The trend for alternative food products is growing rapidly as people increasingly look at alternatives to meat products and meals made with more sustainable ingredients. Veganism is big money at the minute and has been receiving a lot of coverage in the press and on social media, from stories such as Greggs highly successful new vegan sausage roll, KFC’s new Quorn based vegan burger and events such as Veganuary.
It’s suggested that vegans currently make up approximately 2% of the UK population, vegetarians 7% and flexitarians (people who don’t eat meat every day of the week) make up around 20%.
Vegan ranges have been available for a while but the supermarkets are now fine tuning their offerings with ‘Plant based’ foods. Plant based foods are similar to vegan products with the addition of meat-like products made from plant products (such as soya, pea protein or mushrooms) and are aimed at more mainstream flexitarians. A vegan diet restricts foods such as honey and eggs though most supermarket ranges are vegan friendly too to cover both groups.
Even if a product is labelled ‘plant-based’ it doesn’t necessarily mean that it’s healthy though. Processed and packaged foods usually contain refined sugar, white flour and vegetable fats which, as they are classed as vegetarian, can still be labelled as ‘plant-based’.
Here’s a look at how the main supermarkets are implementing their new packaging designs for their latest ranges.
Co-op have launched a new range of vegan products called GRO. The plant-based food range (exclusive to Co-op) includes a variety of snacks and dishes inspired from around the world including ready meals, chilled food, sandwiches and wraps.
The packaging design is simple and clean, and features a black type-based logo placed at a slight angle which creates a friendly and positive tone. A green recycled card effect is used in the background which highlights the range’s green credentials.
Asda’s first own-label vegan range was launched in time for Veganuary (January). The range, which includes dishes such as Duckless Spring rolls and Butternut Mac, is largely mushroom based rather than soy. The range, called simply ’Plant Based’, consists of 48 products.
Asda have also made the trays and sleeves 100 per cent recyclable.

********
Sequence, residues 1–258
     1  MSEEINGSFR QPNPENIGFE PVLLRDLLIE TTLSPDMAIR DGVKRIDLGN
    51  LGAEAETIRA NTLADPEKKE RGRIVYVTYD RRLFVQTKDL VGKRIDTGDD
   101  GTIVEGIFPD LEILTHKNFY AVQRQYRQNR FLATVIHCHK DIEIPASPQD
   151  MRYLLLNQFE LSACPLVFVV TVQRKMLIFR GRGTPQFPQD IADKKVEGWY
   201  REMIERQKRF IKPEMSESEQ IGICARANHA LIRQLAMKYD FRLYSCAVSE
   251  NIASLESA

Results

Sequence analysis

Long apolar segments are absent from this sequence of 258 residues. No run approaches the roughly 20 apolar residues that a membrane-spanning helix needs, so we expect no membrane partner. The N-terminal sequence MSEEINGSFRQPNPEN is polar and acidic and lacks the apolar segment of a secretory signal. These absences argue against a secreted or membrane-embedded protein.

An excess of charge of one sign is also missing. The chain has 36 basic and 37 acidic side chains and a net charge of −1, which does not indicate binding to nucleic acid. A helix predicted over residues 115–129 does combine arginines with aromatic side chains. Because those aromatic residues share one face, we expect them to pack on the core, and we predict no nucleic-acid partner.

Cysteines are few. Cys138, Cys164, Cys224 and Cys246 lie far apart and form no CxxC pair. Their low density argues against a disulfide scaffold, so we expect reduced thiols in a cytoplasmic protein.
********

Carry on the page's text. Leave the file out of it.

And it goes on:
The bright green background colours are an obvious environmental theme and the typefaces add a sense of fun. Ingredients photography are mixed with illustrations in a brush script style. The designs have an almost child-like design.
At the end of 2019 Sainsbury’s launched their brand new ‘Plant Pioneers’ range. The 31 vegan plant-based range includes chilled and frozen dishes such as vegan steaks, Vacon and Shroomballs, Fishless Fingers and Southern Fried Bites.
The packaging design features a fun grey coloured font with dynamic green flashes. The light brown background features a recycled card effect (similar to the Co-op’s design) to echo the environmental aspect.
Marks & Spencer
Marks & Spencer launched its new product range called ‘Plant Kitchen’ aimed at diet-conscious customers looking for alternative healthy food. The ‘Plant Kitchen’ product range’s packaging was designed Coley Porter Bell.
The stylish, vibrant ‘street food’ design embodies a modern, fresh and contemporary feel. The distressed teal background and stamped typeface create a rustic, hand-made and natural feeling.
The range includes 60 meat and dairy-free plant-based fresh meals, salads, snacks and ingredients.
The Plant Kitchen range are the first M&S ready meals to use recycled trays, foil trays and cardboard boxes. M&S is also replacing its black plastic trays with widely recyclable alternatives for its popular healthy eating range ‘Balanced For You’ from January, as part of M&S’s commitment to ensure all its plastic packaging is easy to recycle by 2022.
Aldi have got rid of their ‘I Am Vegan’ range, which was only launched in July 2019, and replaced it with a similarly styled ‘Plant Menu’ range to reflect the growing shift of non-vegans to eat meat-free meals and make it ‘more inclusive’ to vegans and non-vegans. Aldi has revamped the brand for the second time this year after previously replacing its ‘Meat Free’ range.
There are 20 initial products including masala roast cauliflower sausages and a red pepper and mango curry.
The colours are vibrant and eye-catching with a fun and quirky font.
Tesco runs two tiers of plant based product. The premium tier called ‘Wicked Kitchen’ is styled more gourmet/chef style and uses more premium ingredients and recipes. The mainstream range, ‘Plant Chef’, uses ‘delicious ingredients, from vibrant veg to hearty grains and pulses.’
The packaging design for the Tesco range takes on a more functional, corporate style, with traditional fonts contained within a white box. A ‘100% Plant Based’ flash features across all the product packs. There are two areas of photography: one is a consistent close up shot of sliced vegetables, the other showcases the dishes shot on green plates with green backgrounds.
Tesco launched their second vegan range in September.
What design patterns and trends can we see from these packaging designs?
- ‘Plant Based’ is the key message rather than purely ‘Vegan’
- Designs are fun and quirky with a sense of adventure
- Non-corporate approach with minimal branding
- Fonts and illustrations create a rustic and hand-made feel
- Dishes are international and reflect a global appetite. They present new tastes, new recipes and flavours
- Product names are a play on words with puns on traditional dish names
- Packaging design is presented as environmentally friendly, ethical and responsible
- Colours are earthy and fresh with a predominantly green palette.